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Q&A: Eurostar and airports in France hit by ongoing protest by French customs officers

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Q&A: Eurostar and airports in France hit by ongoing protest by French customs officers
Scenes at Gare du Nord on Sunday

Eurostar passengers in Paris continued to be hit by major disruption on Monday due to industrial action being carried out by French customs officers while charter flights to ski resorts have also been subject to disruption. Here's what you need to know about the ongoing protests.


The long delays at Paris Gare du Nord and on the motorways around Calais over the past week have caused no shortage of frustration among passengers and on Saturday the industrial action started affecting people taking flights to French ski resorts. 

Here's what you need to know about the situation that continued to blight travel plans on Monday.

Why exactly are French customs officials striking?

The reason behind the industrial action, which began on March 4th, is customs officials are trying to press demands for higher pay and demonstrate what will happen if greater controls are put in place once Britain leaves the European Union, planned for later this month.

Instead of going on strike -- meaning they would not work at all -- the customs officers have been carrying out work-to-rule industrial action which means that they only do what is required by the rules of their contract. 

This means that they precisely follow all safety or other regulations, which has means lots of checks and questions which has slowed down the flow of passengers through terminals at Eurostar, EUrotunnel and the ports in Calais and now at airports in the Alps.

Photo: AFP

Vincent Thomazo from UNSA union told The Local last week that customs' agents wanted to get the message across to the French government that they were simply not ready for Brexit.
"Our aim is to attract attention to our worsening conditions of work which will only get worse once Brexit happens," Thomazo said.
"We are simply not ready. The administration has simply waited too long to get things in place," he said.
The French government has announced the recruitment of an extra 700 customs officials, a number seen as insufficient by some unions.
Who is being affected?
The first to be affected were truck drivers travelling through Calais. Long checks caused tailbacks of trucks along the A16 motorway.

At the moment Eurostar passengers and people going on skiing holidays, with flights to Chambéry, Grenoble in the French Alps, and Lyon affected by the industrial action. 

Eurostar passengers have taken to social media to voice their anger at the situation, with some kept in queues for over an hour to check-in while trains have been experiencing heavy delays, in some cases for up to several hours.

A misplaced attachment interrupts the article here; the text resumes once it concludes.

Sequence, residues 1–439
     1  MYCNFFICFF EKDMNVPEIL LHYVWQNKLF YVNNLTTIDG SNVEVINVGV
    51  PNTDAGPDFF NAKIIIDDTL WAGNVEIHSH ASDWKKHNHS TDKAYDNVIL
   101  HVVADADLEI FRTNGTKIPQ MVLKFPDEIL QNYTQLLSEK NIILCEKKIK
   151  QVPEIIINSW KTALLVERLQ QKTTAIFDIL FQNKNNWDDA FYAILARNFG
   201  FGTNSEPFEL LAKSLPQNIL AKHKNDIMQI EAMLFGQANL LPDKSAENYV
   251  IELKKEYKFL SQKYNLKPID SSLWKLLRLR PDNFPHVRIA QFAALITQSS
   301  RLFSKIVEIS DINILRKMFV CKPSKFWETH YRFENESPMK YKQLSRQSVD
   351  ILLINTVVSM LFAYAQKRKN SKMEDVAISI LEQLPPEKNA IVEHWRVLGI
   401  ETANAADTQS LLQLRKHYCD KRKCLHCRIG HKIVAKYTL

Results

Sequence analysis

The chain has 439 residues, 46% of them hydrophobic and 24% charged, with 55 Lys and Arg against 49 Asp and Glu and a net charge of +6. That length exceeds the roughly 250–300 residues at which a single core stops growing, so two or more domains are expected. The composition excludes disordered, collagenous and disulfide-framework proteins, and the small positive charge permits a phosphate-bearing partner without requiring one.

On Monday morning the manager of Eurostar at Gare du Nord tweeted that the service was experiencing delays of up to one hour however the company said that it was expecting delays of up to 120 minutes throughout the day. 

The unions have been carrying out action this weekend at airports in Lyon, Chambery and Grenoble.

One person on Twitter put up a post with a photo of the chaos at Grenoble airport (see below): "Grenoble airport - today French customs are practicing passport control for a no deal Brexit. This is the future Brexiteers!"

How long has it been going on?

The industrial action began on March 4th.

The action has been going for a week at the Eurostar terminal at Gare du Nord and began affecting flights to the French Alps this weekend. 

Passengers using the EuroTunnel have also been affected off and on over the past week. On Sunday people took to Twitter to voice their frustration at the situation however on Monday passenger services were operating as normal. 

(Trucks queued up outside port of Calais. AFP)

How long is it expected to continue?

The simple -- and for some, irritating answer -- is that nobody really knows. 

Eurostar services will be hit at Paris Gare du Nord until March 12th at least however the company tweeted to one passenger on Monday morning "we are not aware of when the French douane (customs) action will cease." 

French Budget Minister Gerald Darmanin is set to meet the customs unions on Tuesday morning.

Nevertheless, Vincent Thomazo from the UNSA union told The Local on Monday: "This could go on for a very long time.

"I do not think the government is ready to make the concessions we are looking for and border controls are not currently its main priority."

What should you do if you have Eurostar tickets for the next few days?

Eurostar is advising people with tickets to only travel "if necessary" and is offering ticket exchanges for those affected free of charge. 

However as seen above there is no detailed information on when the strike is expected to end. 


Comments (1)

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Anonymous 2019/03/26 12:02
The delay for passengers at Gare du Nord has been closer to 5 hours. I stood in a line for 5 hours on March 13.

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